On Sunday 6 April Hilary Kay from the Antiques Roadshow presented a lively and fascinating talk about antique toys. Soundings Theatre at Te Papa was packed with a crowd eager to hear from the famous toy expert. We were in the palm of her hand – oohing and aahing over the gorgeous and rare examples she showcased throughout her talk.
Hilary demonstrated how, when toys are associated with personal stories, they are the impetus for heartfelt, neck-tingling connections. A key message was that when the history and stories behind toys are unlocked, they become more than precious playthings – they provide meaningful links to key historic events. Hilary allied antique toys to the industrial revolution, war, technological innovations, the invention of new materials and changes in society.
She began by highlighting toys produced in the 1840s, a time when the effects of the industrial revolution were about to have an impact on the world of children, and ended in the post-World War Two era. Until the mid-twentieth century only extremely privileged children had toys. This was primarily because toys were so expensive, but also because it was only children from wealthy families who had leisure time. Most children had to work or, worse, beg for a living. By the 1950s the world was a very different place: for the first time most families had a disposable income and, perhaps more importantly, most children had time for play.
A highlight of the talk was Hilary’s discussion of one of her personal favourites, a mechanical tinplate toy biplane by Märklin that loosely replicated the Wright brothers’ 1905 invention. She knew that one example of the toy was owned by the ‘King of Siam’. Then in the 1990s when curating an exhibition about childhood in Britain, Hilary was surprised to discover another example, this time owned by the Dowager Duchess of Devonshire. The toy plane had been tucked away in a back room at Chatsworth House. Hilary was able to discuss the £100,000 toy when filming an Antiques Roadshow at Chatsworth. Through the magic of TV, a viewer was able to shed light on the connection between the plane in Thailand and the one from Chatsworth House. The two boys who had owned the toys, the future King of Siam and the Duke of Devonshire, were inseparable friends at boarding school.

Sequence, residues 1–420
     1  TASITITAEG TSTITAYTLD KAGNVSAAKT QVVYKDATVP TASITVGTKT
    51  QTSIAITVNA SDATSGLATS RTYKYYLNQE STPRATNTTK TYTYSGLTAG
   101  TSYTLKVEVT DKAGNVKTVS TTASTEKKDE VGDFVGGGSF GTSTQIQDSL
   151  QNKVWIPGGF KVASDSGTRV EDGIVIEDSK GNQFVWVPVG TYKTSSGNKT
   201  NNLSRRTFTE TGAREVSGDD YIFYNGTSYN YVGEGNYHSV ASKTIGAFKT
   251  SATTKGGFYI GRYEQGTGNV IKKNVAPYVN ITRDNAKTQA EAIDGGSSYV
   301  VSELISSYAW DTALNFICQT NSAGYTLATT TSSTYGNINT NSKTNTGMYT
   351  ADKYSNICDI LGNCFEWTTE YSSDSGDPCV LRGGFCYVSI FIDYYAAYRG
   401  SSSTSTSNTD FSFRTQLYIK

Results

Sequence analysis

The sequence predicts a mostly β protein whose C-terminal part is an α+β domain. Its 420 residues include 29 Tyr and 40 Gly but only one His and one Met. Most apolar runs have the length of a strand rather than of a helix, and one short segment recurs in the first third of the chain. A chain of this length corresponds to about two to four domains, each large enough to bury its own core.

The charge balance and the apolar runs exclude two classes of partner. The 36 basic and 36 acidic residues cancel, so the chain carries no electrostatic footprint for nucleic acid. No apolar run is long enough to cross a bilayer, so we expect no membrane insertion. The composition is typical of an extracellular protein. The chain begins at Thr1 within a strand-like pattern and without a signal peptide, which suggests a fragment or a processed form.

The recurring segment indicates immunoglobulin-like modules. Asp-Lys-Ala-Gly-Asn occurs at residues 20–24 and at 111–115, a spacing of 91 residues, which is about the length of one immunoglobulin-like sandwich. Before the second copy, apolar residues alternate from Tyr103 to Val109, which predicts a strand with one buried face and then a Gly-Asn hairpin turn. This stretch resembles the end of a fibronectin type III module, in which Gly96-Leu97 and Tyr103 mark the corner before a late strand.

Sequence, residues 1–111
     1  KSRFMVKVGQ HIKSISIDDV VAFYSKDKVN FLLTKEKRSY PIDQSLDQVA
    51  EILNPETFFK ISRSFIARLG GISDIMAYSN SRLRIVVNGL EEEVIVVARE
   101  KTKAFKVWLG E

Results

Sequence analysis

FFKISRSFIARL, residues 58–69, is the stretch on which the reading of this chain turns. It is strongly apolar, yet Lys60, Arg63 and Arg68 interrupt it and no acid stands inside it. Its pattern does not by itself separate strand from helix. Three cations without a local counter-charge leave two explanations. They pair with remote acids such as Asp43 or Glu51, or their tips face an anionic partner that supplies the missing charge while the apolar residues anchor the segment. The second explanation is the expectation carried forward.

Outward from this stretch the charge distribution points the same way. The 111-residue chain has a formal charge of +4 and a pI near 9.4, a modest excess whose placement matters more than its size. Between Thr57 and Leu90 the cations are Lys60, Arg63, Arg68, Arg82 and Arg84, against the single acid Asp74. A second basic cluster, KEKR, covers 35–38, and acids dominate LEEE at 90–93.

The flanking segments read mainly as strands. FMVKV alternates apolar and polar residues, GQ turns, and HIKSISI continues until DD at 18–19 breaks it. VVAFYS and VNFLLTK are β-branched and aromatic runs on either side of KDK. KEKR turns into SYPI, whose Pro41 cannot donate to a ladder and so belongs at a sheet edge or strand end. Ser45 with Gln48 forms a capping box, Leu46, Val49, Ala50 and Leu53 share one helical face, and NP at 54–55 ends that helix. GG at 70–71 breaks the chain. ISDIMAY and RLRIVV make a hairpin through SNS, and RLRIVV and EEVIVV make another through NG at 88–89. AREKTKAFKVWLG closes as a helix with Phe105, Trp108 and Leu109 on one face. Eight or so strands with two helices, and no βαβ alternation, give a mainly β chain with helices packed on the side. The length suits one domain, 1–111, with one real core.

The evening was filled with spectacular eye-candy for toy and doll enthusiasts. Many examples celebrated the supreme quality of German-made examples and the marketing prowess of the German toy industry. German manufacturers were the first to create toys with names for specific locations and were often the first to produce a toy that reflected the latest new invention, be that a car, train or plane. Also key to the success of the toy industry were toys that required endless new additions such as dolls’ houses and train sets.
Many exquisite, rare and fascinating examples of antique toys from around the world were included – a British poured-wax Princess Alice doll, French Jumeau Bébé dolls and for the boys the famous Hornby train sets. From Te Papa’s collection was a mechanical walking doll and perambulator. Although rather clunky in comparison to European toys, it significantly marks the debut of American toy manufacturers.
Hilary ended her talk by touching on a few post-World War Two highlights – Barbie, (apparently three Barbie Dolls are sold every second) television and film inspired toys and toys like space ships and robots that appeal to science fiction enthusiasts. But perhaps most notably, Hilary left us with an important final message and reminder – ‘toys are for fun’.
Lynette Townsend Curator, Communities and Diversity
Feature Image: Detail from: Pig and cart, 1906-1912, Germany. Gift of Mrs E Kellow, 1966. Te Papa